Create a Model Group or RVT Link schedule just like any other schedule. Available fields include the level, name and quantity.
Sort and group the schedule to report on quantities of apartment units, hotel suites, furniture layouts or arrayed elements contained in your project.
If additional data is required, you can now add custom parameters to Model Group and Link instances or types and have these reported in the schedule as well.
Scheduling Model Groups and Links provides a critical documentation benefit to any project that leverages the use of groups and links to enhance design workflow and project organization.
Enhanced Global Parameters
Global Parameters allow named constraints to be applied to distances and parameters within the project environment. With global parameters, the parametric qualities of the family editor are made available directly in projects.
Using global parameters, you can define critical “hold” dimensions and flex several labeled dimensions at once from the “Global Parameters” dialog.
Assign the same material to multiple families and types and then change them all at once with a single modification.
Previously only available to label linear dimensions, in this release you can now label radius and diameter dimensions. This expands the usefulness and control afforded by the Global Parameter functionality.
Dimensions applied directly to objects can be labeled, as can those applied within sketch-based elements such as floors.
Gain full control over your design intent with enhanced global parameters.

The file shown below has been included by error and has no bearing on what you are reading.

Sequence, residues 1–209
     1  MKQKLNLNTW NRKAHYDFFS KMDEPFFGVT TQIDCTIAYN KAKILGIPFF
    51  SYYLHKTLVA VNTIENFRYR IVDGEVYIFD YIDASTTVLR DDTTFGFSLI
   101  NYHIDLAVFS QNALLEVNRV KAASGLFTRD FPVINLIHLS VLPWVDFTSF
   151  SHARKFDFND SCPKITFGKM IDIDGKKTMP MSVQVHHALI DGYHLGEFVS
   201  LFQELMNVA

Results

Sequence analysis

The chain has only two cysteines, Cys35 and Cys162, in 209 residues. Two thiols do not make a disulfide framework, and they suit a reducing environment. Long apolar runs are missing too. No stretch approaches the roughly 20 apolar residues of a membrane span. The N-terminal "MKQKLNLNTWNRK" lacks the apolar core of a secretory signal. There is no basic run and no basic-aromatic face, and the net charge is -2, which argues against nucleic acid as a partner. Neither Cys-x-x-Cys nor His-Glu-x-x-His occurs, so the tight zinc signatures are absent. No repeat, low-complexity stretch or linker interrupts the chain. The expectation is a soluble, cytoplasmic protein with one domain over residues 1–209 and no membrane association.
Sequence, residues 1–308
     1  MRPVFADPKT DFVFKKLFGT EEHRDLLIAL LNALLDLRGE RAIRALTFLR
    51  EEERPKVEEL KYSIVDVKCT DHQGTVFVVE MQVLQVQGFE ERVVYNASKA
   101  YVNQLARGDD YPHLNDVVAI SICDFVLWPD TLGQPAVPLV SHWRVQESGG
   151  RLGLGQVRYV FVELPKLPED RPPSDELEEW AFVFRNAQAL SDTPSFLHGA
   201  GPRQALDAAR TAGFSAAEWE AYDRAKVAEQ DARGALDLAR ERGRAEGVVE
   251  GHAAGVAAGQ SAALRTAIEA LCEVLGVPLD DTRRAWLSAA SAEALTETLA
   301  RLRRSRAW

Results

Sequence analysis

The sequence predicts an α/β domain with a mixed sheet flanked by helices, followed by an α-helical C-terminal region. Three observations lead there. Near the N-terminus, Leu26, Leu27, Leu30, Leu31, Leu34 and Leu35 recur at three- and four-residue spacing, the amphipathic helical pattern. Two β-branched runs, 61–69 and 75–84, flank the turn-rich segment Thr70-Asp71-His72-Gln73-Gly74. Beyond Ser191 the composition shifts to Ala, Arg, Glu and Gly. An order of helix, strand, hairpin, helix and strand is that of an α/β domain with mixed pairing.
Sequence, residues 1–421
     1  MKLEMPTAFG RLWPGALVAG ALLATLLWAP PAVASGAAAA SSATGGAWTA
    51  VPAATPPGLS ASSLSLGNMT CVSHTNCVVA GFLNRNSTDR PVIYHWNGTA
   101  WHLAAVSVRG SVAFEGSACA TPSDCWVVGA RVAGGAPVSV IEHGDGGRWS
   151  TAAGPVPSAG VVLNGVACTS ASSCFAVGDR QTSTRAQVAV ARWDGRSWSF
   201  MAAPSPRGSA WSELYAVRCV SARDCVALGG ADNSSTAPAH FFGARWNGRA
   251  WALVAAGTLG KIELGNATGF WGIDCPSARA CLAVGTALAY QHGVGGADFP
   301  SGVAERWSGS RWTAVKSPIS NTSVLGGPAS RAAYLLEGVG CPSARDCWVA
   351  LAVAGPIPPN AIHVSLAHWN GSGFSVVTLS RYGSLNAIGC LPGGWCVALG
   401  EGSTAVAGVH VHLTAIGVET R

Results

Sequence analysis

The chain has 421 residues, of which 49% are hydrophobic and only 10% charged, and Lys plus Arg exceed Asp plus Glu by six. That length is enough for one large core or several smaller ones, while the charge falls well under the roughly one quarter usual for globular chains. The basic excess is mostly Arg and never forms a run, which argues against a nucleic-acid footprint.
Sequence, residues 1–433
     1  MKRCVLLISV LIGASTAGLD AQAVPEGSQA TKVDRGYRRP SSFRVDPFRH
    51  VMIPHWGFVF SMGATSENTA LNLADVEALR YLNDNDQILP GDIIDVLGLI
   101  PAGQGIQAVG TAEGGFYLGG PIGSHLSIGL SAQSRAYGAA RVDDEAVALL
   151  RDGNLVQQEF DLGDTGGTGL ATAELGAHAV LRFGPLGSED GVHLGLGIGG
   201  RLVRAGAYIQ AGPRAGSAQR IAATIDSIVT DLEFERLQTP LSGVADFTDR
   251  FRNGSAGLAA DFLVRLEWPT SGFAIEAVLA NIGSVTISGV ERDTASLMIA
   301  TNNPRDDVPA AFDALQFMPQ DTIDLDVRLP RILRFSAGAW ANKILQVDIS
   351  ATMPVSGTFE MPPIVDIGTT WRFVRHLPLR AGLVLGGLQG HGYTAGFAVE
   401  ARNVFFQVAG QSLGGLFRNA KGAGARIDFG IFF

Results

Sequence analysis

When you link CAD files to a Revit model that contain real-world (GIS) coordinates, you can acquire those coordinates directly in your Revit model. Simply link a DWG file containing geo-referenced coordinates. In Revit establish the physical relationship between the two files by moving and rotating as required, and then you can acquire those coordinates to create a shared coordinate relationship between the Revit file and the DWG link based on the real-world GIS coordinate data.
You can verify that the coordinate data acquisition was successful by adding spot coordinate annotation elements or by looking at the properties of the Survey point icon.
Furthermore, this coordinate system will be available to any other model that you link into this project or that links back to this project. And any exported models created from the Revit model with geo-referenced coordinates will also maintain the GIS coordinate system. Just make sure that your coordinate system basis is set to shared, when you export.
To take advantage of this feature, you simply need a geo-referenced DWG file from your Civil Engineer. Link it into your Revit project and acquire its coordinates.
3D Shape improvements
When importing geometry from other files formats, resultant direct shape imports have been improved and now support more seamless integration with both projects and families.
When importing a ACIS SAT files or Rhino 3DM files into a family you can create and host MEP connectors directly on the surfaces of the imported geometry. This feature is available for those categories which support connectors such as Mechanical Equipment, Electrical Fixtures, Specialty Equipment and others.
You can now host face-based elements directly on the surfaces of imported 3DM or SAT geometry. Simply add a face-faced component and place it on the hosted object’s faces.